ESU 13 Conference Provides Panhandle Educators a Wintertime Boost

ESU 13 Conference Provides Panhandle Educators a Wintertime Boost

By Tyler Dahlgren

More than 1,300 educators gathered at four separate sites on Monday for ESU 13’s Mid-Winter Conference, a wintertime tradition in The Panhandle for the last 34 years.

An engaging and impressive list of presenters were pulled in from across the state and the country and covered a timely directory of topics, specifically assembled by event organizers in response to feedback gathered from past conferences.

“This year, we were intent on meeting teachers where they are with the students in their classrooms,” said Michelle Keszler, Professional Learning Coordinator with ESU 13. “We conduct a survey at the end of the day asking what they would like to see the next year. Behavior is always the most requested. Popular ones lately have been wellness and mindfulness for teachers and students.”

The conference evolves year-to-year based on feedback. Every March, the service unit holds a meeting with leadership teams from the school districts within ESU 13’s area. Basically, organizers are putting the Service in the ESU. Planning is a year-round process.

“We literally sat down yesterday (Tuesday) and started talking about next year,” said Keszler. “Even before that, we’re kind of thinking about what the next one might look like as we’re planning the one we’re currently on.”

Since no one location is large enough to accommodate 1,300 people, the conference uses four different facilities: Western Nebraska Community College’s John N. Harms Advanced Technology Center and the nearby Senior High School in Scottsbluff, the Gering Civic Center, and Chadron State College’s Student Center. CSC students attend the event free of charge.

“Our host sites are always great to work with,” said Keszler.

There is a dinner held for presenters on Sunday night to go over logistics and to ensure the conference sails as smoothly as possible.

“Michelle has done a great job of really forward-thinking,” said Jadie Beam, ESU 13’s Professional Learning Director. “The dinner helps us all get on the same page. The presenters know who’s picking them up and where they’re going.”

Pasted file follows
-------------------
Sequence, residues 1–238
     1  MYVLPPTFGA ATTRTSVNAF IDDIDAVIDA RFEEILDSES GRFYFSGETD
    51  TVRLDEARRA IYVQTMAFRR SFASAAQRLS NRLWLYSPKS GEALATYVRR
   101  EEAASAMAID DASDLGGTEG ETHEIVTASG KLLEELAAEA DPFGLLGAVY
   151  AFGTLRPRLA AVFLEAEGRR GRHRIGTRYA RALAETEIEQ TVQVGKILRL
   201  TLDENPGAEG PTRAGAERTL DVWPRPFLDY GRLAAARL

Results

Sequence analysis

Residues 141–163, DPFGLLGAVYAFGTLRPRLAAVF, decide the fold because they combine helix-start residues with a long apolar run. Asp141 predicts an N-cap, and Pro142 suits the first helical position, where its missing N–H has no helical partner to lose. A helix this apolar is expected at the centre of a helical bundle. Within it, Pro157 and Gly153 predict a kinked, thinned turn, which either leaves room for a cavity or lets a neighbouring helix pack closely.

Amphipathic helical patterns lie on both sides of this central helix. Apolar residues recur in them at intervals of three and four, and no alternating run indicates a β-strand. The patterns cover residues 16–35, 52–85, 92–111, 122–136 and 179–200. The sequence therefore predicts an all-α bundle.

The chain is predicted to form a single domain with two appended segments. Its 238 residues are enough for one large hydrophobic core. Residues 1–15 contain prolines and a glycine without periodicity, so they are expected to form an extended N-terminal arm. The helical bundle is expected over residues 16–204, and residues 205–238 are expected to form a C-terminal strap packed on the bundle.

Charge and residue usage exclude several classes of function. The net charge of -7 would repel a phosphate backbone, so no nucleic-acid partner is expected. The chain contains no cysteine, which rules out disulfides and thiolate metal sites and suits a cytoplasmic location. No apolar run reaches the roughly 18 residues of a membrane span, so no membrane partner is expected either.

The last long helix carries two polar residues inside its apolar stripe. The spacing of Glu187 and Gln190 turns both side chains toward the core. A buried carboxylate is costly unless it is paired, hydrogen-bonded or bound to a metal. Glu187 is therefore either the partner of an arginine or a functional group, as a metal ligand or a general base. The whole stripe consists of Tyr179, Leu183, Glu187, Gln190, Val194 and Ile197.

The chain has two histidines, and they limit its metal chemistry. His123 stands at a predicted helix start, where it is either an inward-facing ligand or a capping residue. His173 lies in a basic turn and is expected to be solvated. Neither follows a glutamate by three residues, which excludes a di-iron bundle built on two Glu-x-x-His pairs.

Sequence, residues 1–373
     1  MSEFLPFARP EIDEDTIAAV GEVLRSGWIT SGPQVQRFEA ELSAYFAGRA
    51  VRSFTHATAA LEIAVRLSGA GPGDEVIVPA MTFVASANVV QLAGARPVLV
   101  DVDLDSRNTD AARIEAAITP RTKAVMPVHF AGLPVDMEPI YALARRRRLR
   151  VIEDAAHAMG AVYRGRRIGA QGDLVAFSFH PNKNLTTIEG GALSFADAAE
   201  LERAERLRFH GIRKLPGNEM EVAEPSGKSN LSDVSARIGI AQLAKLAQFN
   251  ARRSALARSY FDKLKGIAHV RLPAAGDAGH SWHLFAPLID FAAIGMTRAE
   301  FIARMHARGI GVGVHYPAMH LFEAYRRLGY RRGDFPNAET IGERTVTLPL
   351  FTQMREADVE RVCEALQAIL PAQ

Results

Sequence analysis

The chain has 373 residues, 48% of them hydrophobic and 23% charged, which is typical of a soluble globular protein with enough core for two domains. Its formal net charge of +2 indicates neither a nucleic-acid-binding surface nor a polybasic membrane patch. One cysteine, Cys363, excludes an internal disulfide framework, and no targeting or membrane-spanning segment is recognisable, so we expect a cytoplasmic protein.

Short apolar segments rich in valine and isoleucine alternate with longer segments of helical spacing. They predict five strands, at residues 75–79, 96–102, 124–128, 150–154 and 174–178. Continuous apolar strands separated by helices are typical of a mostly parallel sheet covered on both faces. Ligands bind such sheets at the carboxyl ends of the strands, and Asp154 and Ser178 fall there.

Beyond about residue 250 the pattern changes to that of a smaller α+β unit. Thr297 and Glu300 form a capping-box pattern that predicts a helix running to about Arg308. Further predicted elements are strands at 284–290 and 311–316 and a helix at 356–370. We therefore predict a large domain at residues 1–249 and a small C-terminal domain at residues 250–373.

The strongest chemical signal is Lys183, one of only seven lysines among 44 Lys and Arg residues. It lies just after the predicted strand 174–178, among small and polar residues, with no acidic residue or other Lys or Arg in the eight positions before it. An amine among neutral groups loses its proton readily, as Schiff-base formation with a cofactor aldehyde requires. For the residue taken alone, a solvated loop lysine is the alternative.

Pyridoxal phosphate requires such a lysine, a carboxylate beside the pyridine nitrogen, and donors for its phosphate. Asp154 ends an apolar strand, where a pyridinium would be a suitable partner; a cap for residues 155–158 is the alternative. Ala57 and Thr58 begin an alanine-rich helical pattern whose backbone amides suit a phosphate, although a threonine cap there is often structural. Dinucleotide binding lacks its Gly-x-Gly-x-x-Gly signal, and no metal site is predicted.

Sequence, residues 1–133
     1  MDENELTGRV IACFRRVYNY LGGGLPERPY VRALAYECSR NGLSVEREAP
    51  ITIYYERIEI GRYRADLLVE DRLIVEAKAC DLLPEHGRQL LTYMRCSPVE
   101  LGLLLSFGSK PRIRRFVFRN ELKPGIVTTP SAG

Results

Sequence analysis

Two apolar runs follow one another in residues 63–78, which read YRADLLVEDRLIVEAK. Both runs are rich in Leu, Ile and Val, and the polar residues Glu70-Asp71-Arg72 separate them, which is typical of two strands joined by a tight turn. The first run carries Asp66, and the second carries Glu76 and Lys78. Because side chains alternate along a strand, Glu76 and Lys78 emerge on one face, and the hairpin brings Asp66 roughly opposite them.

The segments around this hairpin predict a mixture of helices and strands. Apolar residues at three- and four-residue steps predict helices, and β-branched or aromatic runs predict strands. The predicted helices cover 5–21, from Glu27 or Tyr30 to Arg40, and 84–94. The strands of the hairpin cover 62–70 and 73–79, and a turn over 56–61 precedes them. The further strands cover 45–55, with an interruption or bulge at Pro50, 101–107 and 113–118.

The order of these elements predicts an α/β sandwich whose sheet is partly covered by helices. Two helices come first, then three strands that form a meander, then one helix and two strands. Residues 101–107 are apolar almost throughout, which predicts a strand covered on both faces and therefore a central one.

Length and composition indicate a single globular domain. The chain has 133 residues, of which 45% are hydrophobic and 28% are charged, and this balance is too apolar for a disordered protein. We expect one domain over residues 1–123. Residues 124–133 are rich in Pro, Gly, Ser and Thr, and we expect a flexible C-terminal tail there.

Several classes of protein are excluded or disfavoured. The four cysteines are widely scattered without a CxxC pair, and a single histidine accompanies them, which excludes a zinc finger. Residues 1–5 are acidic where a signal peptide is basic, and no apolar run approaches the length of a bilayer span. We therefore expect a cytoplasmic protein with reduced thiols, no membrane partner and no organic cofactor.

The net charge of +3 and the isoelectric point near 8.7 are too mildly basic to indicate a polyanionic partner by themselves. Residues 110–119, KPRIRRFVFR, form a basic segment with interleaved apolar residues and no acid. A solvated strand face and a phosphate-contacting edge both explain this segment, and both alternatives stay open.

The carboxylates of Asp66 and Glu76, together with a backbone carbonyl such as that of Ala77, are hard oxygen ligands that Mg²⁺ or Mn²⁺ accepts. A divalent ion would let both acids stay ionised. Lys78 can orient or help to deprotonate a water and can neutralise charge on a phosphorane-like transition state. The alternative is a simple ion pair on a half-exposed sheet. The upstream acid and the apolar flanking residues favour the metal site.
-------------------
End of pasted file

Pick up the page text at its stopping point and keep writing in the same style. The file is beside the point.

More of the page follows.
With so much coordination going on behind the scenes, the registration process is, perhaps, more stringent than other conferences, opening in November so that locations can be set by January. Communication is key, too, especially with so many moving parts.

“In terms of that, this was the best year we’ve had yet,” said Keszler, who spent Monday making the rounds (she estimates somewhere around 50 laps taken). “Luckily, my building only has one staircase and there’s only two rooms downstairs, but Jadie was probably up and down the stairs a hundred times on Monday.”

For the educators, the Mid-Winter Conference is an opportunity to come together and learn. Collaboration, especially in Western Nebraska, is important. In addition to learning from nationally-renowned session presenters, such as New York Times Best-Selling Author Dr. Michael Gurian, for example, the attendees share ideas and experiences with one another.

“Coming in and listening to a nationally-known speaker for five hours isn’t really enough to lead a teacher to change their practice, but it gets them to think,” explained Keszler. “And we’ve had schools who actually went on to hire a presenter to come back to their district.”

For the last three years, ESU 13 has sought out local educators to lead sessions, which, often times, receive reviews just as glowing as the national speakers. Area principals are sent a form in Google Docs and encouraged to pass the document on to teachers doing excellent work in their districts.

“We’ve sent a lot of personal invitations the last few years,” said Beam. “Sometimes, it’s hard to get them (local teachers) to come forward themselves, but they’re very good about presenting if we contact them saying ‘Hey, we’ve heard about the great things happening in your classroom, what do you think about presenting?’”

Both Keszler and Beam note ESU 13’s all-hands-on-deck approach as an integral part of the conference’s running success. With so many moving parts-technology, sound, meals, directions, etc.-the Mid-Winter Conference is a rather large operation.

It wouldn’t be possible without the 1,300 educators in attendance.

“They’ve made a commitment to growing,” Beam said. “They put it on their calendar every year. They believe in us and they know we’re going to bring them great professional development.”

It’s what makes the conference so great.

“The idea that no matter how long you’ve been educating, you can learn something from other people,” said Keszler.

Next winter will mark the 35th year of the Mid-Winter Conference, and, in The Panhandle, they’re already looking forward to it.